The 24th Knesset was dissolved Thursday and elections will take place November 1, 123 days from today. This Panel Politics poll, conducted by Menachem Lazar for Maariv, was conducted after the announcement of Prime Minister Naftali Bennett’s retirement and the transfer of the Yamina party leadership to Ayelet Shaked.
According to the poll, Yamina led by Shaked would win 4 seats, down from 7, but above the vote threshold, which was not a sure thing only a few months ago. And should Shaked decide to join a Benjamin Netanyahu coalition government, hopefully in exchange for the justice ministry where she belongs, Bibi would be back in Balfour with a 63-seat strong coalition government.
According to the poll, if the elections to the 25th Knesset were held today, the Likud party led by Netanyahu would win 34 seats, up from 30. Together with Religious Zionism (10, up from 6), Shas (8, down from 9), United Torah Judaism (stable with 7), and Yamina, Bibi will have himself 63, all-right-wing seats. As I noted on Thursday, it’s not at all clear that the Likud chairman actually wants a purely right-wing coalition where he would likely mark the left-most corner (New Poll Gives Shaked’s Yamina 5 Seats, Netanyahu’s Coalition 63).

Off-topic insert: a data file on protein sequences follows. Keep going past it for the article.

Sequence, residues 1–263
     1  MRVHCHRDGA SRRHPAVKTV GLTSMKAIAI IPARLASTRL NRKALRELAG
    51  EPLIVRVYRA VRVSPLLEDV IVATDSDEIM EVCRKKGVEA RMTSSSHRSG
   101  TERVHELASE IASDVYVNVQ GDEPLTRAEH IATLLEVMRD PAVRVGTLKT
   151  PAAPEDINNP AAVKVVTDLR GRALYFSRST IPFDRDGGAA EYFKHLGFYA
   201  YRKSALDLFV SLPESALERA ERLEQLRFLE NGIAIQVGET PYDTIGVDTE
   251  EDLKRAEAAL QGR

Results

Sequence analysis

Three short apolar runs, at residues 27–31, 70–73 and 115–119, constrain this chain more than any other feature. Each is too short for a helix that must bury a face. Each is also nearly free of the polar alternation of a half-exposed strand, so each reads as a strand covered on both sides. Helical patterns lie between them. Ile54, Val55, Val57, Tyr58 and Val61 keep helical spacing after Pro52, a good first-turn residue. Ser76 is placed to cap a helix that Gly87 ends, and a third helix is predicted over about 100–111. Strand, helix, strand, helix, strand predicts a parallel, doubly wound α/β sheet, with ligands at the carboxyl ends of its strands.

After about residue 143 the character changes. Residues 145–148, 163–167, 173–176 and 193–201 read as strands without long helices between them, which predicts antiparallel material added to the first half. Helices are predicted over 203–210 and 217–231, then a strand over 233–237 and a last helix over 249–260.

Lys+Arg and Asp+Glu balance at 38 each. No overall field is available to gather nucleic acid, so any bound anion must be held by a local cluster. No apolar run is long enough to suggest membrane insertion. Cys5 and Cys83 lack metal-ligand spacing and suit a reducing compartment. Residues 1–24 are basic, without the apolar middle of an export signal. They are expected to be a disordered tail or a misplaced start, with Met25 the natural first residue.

Prime Minister Yair Lapid’s Yesh Atid party would score 22 seats according to this poll, up from 17, which explains the demise of Meretz – its voters were unhappy with the obstructionist behavior of Meretz MK Ghaida Rinawie Zoabi and decided to support the more pragmatic choice, Lapid. Benny Gantz’s Blue&White also siphons a seat from Meretz, moving up to 9 seats from its current 8. Labor is down one, from 7 to 6. Gideon Sa’ar’s New Hope is down to 5 from 6, but they should be delighted since the polls only a few months ago predicted its disappearance. Avigdor Liberman’s Israel Beiteinu is down to 5 from 7.
Lapid’s coalition with Yamina only reached 55 seats, Netanyahu’s coalition without Yamina has 59. It tells us there’ll be a lot of horse trading next November.
On the Arab front, the Joint List keeps its 6 seats, and Ra’am keeps its 4 seats. When the Arab politicians cooperated in one, unified albeit quarrelsome faction, they won 13 seats. We should be grateful for those quarrels and for the general disinterest of the Arab voters because on paper, had all the eligible Israeli Arabs exercised their right to vote, they could win between 20 and 24 seats. So please don’t tell them.
The survey was conducted over the Panel4All website on June 29-30, 2022, with 593 respondents who constitute a representative sample of the adult population in the State of Israel aged 18 and over, 511 Jews and 82 Arabs. The maximum sampling error in this survey is 4.2%.